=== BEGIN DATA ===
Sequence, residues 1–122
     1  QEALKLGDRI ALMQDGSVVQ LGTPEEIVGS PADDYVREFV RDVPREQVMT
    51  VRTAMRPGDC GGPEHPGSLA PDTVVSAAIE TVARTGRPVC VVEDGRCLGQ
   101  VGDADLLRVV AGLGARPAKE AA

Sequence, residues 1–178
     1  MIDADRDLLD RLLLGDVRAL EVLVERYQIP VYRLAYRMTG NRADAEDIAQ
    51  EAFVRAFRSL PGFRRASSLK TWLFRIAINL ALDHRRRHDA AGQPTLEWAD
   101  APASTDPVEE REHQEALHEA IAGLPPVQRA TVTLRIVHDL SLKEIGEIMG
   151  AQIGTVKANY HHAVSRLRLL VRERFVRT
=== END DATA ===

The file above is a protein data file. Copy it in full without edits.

Sequence, residues 1–122
     1  QEALKLGDRI ALMQDGSVVQ LGTPEEIVGS PADDYVREFV RDVPREQVMT
    51  VRTAMRPGDC GGPEHPGSLA PDTVVSAAIE TVARTGRPVC VVEDGRCLGQ
   101  VGDADLLRVV AGLGARPAKE AA

Sequence, residues 1–178
     1  MIDADRDLLD RLLLGDVRAL EVLVERYQIP VYRLAYRMTG NRADAEDIAQ
    51  EAFVRAFRSL PGFRRASSLK TWLFRIAINL ALDHRRRHDA AGQPTLEWAD
   101  APASTDPVEE REHQEALHEA IAGLPPVQRA TVTLRIVHDL SLKEIGEIMG
   151  AQIGTVKANY HHAVSRLRLL VRERFVRT